I returned to the Oyster River this week with a small group from the Comox Valley Camera Club “Slow Photographers SIG” to photograph the surreal landscape of rock and water on this part of the river. Again, I was limited by the fixed focal length of my Fuji X1oos (Nikon D600 still in the shop for a second servicing for oil and dust with Nikon Canada) and fairly thin ND filters. I had to get creative to work around these limitations!
The colour and and texture of the rock was different on this second visit. Recent rain coloured the rock a rich reddish (almost chocolate coloured) brown and the wet stone was very different than the dry stone of the previous visit. Milder temperatures also meant that there was no ice in the the pot holes. The water level was higher as well, so some of the rock that was exposed a week earlier was now partially submerged. Different compositions presented themselves.
I was able to slow the exposure down to the 20 and 30 second range using a combination of a cheap Hoya ND filter and the Fuji X100s’ built in ND filter. This time I had the timer and long exposure “T” setting figured out so no manual pressing of the shutter was required. To get around the lack of a wide angle lens I tried several compositions where I created a panorama, taking multiple exposures vertically and stitching them together in Adobe Photoshop CS6 in post processing.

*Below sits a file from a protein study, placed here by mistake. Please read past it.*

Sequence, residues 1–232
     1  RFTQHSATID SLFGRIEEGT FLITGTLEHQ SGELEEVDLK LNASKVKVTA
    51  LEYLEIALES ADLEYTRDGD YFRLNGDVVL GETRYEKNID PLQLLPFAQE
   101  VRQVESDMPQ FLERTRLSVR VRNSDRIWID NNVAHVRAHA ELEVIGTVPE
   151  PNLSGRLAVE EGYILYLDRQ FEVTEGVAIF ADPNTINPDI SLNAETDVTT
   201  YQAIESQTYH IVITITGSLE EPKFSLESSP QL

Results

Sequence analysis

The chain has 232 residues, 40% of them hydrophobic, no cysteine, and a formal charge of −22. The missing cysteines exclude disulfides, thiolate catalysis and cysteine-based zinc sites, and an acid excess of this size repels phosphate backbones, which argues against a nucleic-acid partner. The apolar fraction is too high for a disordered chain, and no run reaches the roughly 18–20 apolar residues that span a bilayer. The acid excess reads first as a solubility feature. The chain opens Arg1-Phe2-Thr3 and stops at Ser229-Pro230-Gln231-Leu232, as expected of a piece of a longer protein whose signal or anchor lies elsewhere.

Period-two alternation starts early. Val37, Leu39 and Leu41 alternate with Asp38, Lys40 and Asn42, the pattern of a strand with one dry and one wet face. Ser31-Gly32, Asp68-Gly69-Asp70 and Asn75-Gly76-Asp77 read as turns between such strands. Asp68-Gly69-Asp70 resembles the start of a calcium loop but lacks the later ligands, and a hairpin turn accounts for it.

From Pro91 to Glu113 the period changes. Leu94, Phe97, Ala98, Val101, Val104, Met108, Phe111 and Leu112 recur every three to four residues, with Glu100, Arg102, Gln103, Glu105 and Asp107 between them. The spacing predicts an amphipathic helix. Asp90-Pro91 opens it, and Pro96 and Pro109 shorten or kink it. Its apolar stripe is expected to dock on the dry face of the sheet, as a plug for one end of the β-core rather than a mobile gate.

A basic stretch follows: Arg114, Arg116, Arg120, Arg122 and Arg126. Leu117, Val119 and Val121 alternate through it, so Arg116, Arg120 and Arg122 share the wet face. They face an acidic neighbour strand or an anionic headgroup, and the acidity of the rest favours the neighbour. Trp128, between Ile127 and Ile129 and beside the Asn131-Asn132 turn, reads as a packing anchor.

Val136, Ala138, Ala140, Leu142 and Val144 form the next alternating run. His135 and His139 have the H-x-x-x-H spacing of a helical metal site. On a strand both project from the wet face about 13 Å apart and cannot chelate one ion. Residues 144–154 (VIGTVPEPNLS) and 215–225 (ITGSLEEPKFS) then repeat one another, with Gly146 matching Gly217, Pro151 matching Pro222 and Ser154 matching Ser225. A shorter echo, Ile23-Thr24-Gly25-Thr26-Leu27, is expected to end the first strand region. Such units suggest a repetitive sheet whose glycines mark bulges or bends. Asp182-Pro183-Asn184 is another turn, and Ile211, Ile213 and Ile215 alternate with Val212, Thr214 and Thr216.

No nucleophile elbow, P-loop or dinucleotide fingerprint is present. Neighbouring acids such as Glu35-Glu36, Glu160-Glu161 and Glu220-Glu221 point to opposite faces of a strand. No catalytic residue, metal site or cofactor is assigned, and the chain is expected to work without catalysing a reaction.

It was interesting working the landscape with a group of photographers. We discovered and shared several different compositions and did some experimenting with ND filters of different densities. I lent out my B+W 6-stop and 10-stop filters for others to try (without my Nikon I couldn’t use them).
I loved the texture and the water worn shapes of the rocks in this place and feel that I just scratched the service in terms of finding unique compositions and points of view. The sandstone and water seemed to look better with black and white processing to simplify the images and highlight the relationship between the stone and water. This is a place that I definitely want to return to photograph again!
The access point to the Oyster River bowls is via a logging road approximately halfway between the Comox Valley and Campbell River:
- Drive north on the Inland Island Highway to the Cranberry Lane intersection (posted to 90 km/h)
- Turn onto Cranberry Lane, at the cattle guard set odometer to 0
- 1.1 km – note major road going off to the right, radio/cell phone tower in the distance, continue straight
- 1.6 km – logging company compound, follow curve of the road to the left, heads back toward the Inland Island Highway
- 3.3 km – road crosses high above the Oyster River on a one-lane bridge, continue straight
- 3.5 km – junction with Duncan Bay Main Line (continues across the Inland Island Highway) and Piggot Main Line. Choose the Piggot Main Line (follows natural curve of the road to the right).
- 4.8 km – Black Creek Main Line splits off to the left, continue straight on the Piggot Main Line
- 6.4 km – smaller road splits off to the right from the Piggot Main Line, marked by pink flagging tape. Turn off here and continue for approximately 400 m – this last stretch is a bit rougher than the main road and with a low car you have to straddle some potholes. Take it slow and you’ll be fine!
- 6.8 km – parking area
From the parking area, follow the road on foot down to the river. Use caution on the rocks as they can be slippery and the water flow is fast in this section of the river.